Within weeks, she was pedalling a modified stationary bike. Sidelined from international competition, Anna waited to see if the points she had accumulated were enough to qualify her for Beijing and at the same time worked harder than ever-sometimes pushing herself too hard-to be ready if the opportunity came.
“It’s amazing when something’s taken from you how much you find within yourself to push to get it back,” Anna reflects. “I think motivation is what you find within yourself, to make yourself get up off the couch, and that for me was simply getting to the Olympics and representing Australia again. I’d been there before, I knew what it was like to win gold, I knew what it was like to wear the green and gold colours of Australia, I knew what all that energy and emotion in that stadium felt like and that’s what I wanted to get back to.”
Thinking back on this time, Anna feels her recovery was assisted by the clear goal she had in front of her. “In a situation like that, when you’re feeling sorry for yourself, when you feel you want sympathy from people, people give it to you and then you need to wean yourself from that,” she explains. “So I surrounded myself with people who were positive and wouldn’t baby me, because it’s just not what I needed. The time line I had was so short, and I couldn’t waste time on that.”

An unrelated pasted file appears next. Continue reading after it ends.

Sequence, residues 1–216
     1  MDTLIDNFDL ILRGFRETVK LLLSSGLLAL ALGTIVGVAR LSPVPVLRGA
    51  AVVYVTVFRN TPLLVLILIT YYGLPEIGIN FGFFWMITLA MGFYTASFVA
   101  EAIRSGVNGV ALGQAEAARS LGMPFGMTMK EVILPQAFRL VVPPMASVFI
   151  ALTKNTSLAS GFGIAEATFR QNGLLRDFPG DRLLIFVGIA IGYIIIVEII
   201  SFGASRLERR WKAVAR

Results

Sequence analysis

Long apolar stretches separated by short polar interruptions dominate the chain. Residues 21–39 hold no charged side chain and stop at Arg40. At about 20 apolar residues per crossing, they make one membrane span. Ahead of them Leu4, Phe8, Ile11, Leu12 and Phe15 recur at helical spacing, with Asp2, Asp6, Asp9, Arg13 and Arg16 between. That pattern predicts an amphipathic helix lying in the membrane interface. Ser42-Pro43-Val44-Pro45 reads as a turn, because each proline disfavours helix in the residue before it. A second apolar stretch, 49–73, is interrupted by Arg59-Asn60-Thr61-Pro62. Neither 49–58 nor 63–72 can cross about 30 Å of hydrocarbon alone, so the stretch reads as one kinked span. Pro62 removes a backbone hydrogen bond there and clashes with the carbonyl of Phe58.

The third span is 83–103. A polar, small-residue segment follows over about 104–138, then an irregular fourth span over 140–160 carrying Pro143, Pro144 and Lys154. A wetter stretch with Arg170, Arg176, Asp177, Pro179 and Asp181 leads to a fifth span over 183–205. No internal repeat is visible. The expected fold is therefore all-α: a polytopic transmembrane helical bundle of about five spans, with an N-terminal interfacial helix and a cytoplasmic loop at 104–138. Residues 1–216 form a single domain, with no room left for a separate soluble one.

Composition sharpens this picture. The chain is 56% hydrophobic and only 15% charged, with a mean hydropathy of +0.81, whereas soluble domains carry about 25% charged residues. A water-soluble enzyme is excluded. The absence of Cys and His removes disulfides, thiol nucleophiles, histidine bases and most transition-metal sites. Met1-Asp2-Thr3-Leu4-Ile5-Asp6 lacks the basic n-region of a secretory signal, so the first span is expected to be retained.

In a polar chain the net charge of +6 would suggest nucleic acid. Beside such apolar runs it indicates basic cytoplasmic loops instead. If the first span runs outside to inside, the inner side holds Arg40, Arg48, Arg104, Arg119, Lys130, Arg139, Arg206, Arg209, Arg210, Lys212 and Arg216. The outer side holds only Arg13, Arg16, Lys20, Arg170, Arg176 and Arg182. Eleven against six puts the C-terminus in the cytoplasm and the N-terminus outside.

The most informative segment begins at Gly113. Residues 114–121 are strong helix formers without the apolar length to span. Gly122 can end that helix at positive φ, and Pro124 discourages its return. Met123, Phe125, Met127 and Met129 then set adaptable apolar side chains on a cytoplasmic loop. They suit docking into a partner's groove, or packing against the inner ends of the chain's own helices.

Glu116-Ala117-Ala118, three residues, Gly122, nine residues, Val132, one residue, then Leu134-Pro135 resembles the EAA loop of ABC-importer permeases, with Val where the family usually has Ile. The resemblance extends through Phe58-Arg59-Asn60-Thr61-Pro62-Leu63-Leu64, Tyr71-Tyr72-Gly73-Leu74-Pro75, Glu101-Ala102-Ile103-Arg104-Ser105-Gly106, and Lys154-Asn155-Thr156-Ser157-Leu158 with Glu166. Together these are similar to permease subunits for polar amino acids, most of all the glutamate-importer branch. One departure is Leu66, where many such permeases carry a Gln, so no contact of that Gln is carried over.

As her recovery progressed, Anna also had to face her fears of getting back on the track and riding in competitive situations. “Those are just things that you might think I just needed to slowly get used to, but my coach actually dropped me right in the deep end and said, ‘Here, you’re riding.’ He didn’t let me leave until I got it done. So it was really good, because it made me face all my fears straight away. It wasn’t something that lingered. It was just done and dealt with and ‘move on’-no fuss.”
winning the medal
Her silver medal in Beijing was a famous sporting achievement and the raw material of an inspirational story, but Anna sees this experience has also changed her as a person. “I think it’s made me a lot more appreciative of what I have, the people that I have and a lot more grateful for the opportunities that I’m presented with,” she says. “And I think I’m a little more calm and patient. I guess I look a lot more at the bigger picture than just what’s coming in the next year or two.”
But this month her attention will be firmly fixed on the challenge of the Commonwealth Games. Having won two titles at the World Championships earlier this year in Copenhagen, Anna will be competing in three track events in Delhi.
“Competition’s the highlight, the most excitement of the whole year,” she says. “I train 12 months of the year for a five-day block of competition, so, if I fade in my excitement for competition, I think it’s time to give it away.
“It’s going to be a very tough competition, but one I’m very much looking forward to.”
ADDITIONAL SOURCE: Anna Meares, The Anna Meares Story, New Holland Publishers Australia, 2009.